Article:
The Kermath was an automobile built in Detroit, Michigan by the Kermath Motor Car Company from 1907 to 1908. They built a small four-seater runabout with a tear-drop shaped radiator and bonnet. It was offered with a 26 hp, four-cylinder engine with a three-speed transmission and shaft drive. The front axle was tubular.
The Kermath car was built by James Kermath, who immigrated to the Detroit area from Toronto, Canada. His great grandchildren still live in the Detroit area, Cosette, Jeff, Virginia, Christian, James, Joan, Jeff and Linda. Great great grandchildren of James Kermath are Jamie Eddy, Max Eddy, Kailey Kermath, Nicole Kermath, and Sydney Kermath, George Bolvari, Valerie Bolvari-Skoda, Jeff Kermath, Michael Kermath, Shannon Mackie, Leann Caponi, Sean Kermath, Colin Kermath, Rachel Kermath, Bailey Kermath, Emily Kermath, Tristy Vick, Travis Vick, KYLE Vedder, James Vedder, Chad Kermath, Kristen Kermath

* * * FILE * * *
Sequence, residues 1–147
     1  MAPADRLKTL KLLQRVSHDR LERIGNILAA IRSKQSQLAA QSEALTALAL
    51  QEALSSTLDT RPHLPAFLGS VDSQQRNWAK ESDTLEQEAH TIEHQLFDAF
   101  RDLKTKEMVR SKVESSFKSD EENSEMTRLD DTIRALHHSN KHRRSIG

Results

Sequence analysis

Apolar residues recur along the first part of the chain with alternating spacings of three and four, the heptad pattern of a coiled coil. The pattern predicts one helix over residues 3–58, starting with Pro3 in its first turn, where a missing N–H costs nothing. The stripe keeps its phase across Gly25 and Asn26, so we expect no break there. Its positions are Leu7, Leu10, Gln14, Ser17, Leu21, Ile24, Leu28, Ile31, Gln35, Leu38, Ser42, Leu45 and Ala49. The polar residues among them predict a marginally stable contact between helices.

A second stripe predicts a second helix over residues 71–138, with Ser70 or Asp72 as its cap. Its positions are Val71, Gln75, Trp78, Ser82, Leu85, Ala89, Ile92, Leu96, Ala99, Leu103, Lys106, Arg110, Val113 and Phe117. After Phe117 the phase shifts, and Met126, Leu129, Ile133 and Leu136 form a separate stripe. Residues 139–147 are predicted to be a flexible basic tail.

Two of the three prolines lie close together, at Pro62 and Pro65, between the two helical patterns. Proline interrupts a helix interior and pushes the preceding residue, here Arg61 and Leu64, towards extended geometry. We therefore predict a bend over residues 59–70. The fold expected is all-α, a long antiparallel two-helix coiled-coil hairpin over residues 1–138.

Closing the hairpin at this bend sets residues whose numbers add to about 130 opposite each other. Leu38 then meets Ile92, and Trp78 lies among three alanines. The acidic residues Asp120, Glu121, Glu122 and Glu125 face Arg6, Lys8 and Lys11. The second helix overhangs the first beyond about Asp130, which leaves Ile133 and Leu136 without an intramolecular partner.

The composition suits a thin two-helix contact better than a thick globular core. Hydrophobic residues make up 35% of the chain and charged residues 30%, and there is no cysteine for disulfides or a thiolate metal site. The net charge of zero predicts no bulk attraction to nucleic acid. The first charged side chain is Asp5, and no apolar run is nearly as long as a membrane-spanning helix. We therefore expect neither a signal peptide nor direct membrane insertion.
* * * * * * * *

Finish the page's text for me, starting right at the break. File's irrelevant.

Other direct descendants in the Detroit area as well as out of state of James Kermath are Lorne R. Kermath III, Hollace L. Kermath-Vick deceased, Craig A. Kermath (deceased), Cosette J. Rowland (Kermath-Bolvari), Jeffrey J. Kermath, Virginia B. Nakozy (Kermath-Marosi), Christian C. Kermath, Brian M. Kermath, Diane A. Vedder (Kermath)deceased, James C. Kermath.
Kermath Marine Engines produced engines from sometime in 1910 until sometime in the 1950s in models from single cylinders to V-12's. The Kermath slogan was "a Kermath always runs". Many engines were ahead of their time, with various models having one or more of the following features: Overhead camshafts, 4 valves per cylinder, and dual magnetos.
Kermath Marine engines were commonly used by Garwood, Chris Craft, and Matthews as well as many other boat builders of the period. During World War II the Army Air Corps used the Kermath V-12 550 horsepower Sea-Raider to power 104 foot rescue boats out of Sagstad. The Kermath marine engine is highly collectible today.